Choosing not to–or forgetting to–wear a mask in parts of California could cost you. The city of Monterey is now citing people not wearing masks, and the city of Arroyo Grande is eyeing a similar ordinance.
Governor Gavin Newsom made face coverings mandatory across the state back in June, but he’s left it up to local governments to enforce that mandate. In Los Angeles, getting caught without a mask can cost you up to $300 and in Monterey it’s a $100 violation.
Arroyo Grande city council member Jimmy Paulding says the city is debating whether to adopt a similar ordinance.
“We are in uncharted territory, and we see our numbers, unfortunately, rising right now in our county,” Paulding said. “We need to all do everything we can to try to keep those numbers down.”
If passed, the ordinance would allow code enforcement and police to issue civil or administrative citations—not criminal—to violators of the governor’s mask order.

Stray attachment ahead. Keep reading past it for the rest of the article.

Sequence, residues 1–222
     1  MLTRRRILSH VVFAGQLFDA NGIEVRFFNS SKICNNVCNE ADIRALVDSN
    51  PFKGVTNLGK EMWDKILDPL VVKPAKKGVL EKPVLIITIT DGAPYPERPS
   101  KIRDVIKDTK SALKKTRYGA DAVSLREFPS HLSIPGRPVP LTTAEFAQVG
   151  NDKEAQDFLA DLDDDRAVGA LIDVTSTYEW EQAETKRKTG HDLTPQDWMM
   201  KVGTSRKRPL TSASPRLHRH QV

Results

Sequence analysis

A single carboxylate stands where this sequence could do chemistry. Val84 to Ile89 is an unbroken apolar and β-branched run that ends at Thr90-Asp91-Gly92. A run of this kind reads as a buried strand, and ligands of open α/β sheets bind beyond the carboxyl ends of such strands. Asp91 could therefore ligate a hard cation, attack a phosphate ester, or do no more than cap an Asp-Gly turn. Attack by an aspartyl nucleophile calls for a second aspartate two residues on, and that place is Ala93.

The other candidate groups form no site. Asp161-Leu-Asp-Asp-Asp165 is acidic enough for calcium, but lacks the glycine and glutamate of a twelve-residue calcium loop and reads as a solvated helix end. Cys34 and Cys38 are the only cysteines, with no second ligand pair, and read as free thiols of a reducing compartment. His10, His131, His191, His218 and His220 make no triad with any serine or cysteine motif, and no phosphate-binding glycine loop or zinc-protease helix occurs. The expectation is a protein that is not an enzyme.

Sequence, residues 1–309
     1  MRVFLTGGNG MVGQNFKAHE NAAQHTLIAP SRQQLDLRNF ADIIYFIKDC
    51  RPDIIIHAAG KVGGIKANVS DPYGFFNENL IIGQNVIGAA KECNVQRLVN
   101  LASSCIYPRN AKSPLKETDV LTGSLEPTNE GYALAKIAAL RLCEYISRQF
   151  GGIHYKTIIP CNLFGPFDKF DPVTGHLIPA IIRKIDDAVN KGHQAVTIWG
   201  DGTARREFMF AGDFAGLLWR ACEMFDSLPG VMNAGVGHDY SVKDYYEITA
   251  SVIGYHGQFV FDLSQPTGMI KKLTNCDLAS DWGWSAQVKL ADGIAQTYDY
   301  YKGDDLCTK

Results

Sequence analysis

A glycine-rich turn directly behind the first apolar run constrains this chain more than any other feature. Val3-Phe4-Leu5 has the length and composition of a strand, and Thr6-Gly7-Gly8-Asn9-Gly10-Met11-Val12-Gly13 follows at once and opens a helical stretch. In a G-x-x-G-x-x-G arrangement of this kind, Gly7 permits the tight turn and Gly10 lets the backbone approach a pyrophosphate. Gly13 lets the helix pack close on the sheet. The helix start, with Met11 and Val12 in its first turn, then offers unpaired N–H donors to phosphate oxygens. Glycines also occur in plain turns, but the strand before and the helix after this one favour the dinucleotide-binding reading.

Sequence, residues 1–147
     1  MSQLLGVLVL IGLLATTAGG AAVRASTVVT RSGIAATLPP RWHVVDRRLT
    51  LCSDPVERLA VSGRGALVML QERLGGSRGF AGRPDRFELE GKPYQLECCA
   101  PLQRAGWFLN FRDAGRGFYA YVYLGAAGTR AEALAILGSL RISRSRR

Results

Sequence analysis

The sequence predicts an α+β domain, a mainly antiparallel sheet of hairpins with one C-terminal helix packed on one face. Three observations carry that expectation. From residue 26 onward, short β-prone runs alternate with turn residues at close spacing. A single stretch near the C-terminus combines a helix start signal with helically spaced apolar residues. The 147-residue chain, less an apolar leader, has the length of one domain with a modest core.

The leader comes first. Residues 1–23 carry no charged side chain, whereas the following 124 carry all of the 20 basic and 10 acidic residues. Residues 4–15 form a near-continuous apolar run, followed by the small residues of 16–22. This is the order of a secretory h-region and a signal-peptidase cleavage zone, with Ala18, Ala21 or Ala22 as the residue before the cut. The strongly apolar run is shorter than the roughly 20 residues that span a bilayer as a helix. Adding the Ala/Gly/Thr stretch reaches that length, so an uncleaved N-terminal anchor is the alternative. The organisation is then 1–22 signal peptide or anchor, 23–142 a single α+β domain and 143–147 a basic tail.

Paulding said the city has been receiving calls from people complaining about long lines of people not social distancing or wearing masks inside businesses where they should be.
“That’s really what this is about, it’s a community response and how can we work with residents and business owners alike to just do the best we can,” Paulding said.
How much those fines would be has not been decided. An Arroyo Grande visitor from Fresno, Brian Shepard, said handing out fines to people seems unfair. He thinks enforcement should mean a lighter approach.
“A couple of warnings, friendly reminders if anything, but not just a ‘Oh you get a fine because I don’t see a mask on you,’” Shepard said. “I’m not trying to pay another fine for nothing,”
But Arroyo Grande resident Virginia Roof disagrees. She’s concerned about the numbers of people she sees not following the mandate.
“I understand people might be upset by a fine element to it,” said Virginia Roof, “But if people don’t want to do it voluntarily for the good of others, maybe they need that as a reason to wear it.”
The ordinance will be up for discussion and possible adoption during the city's July 14 council meeting.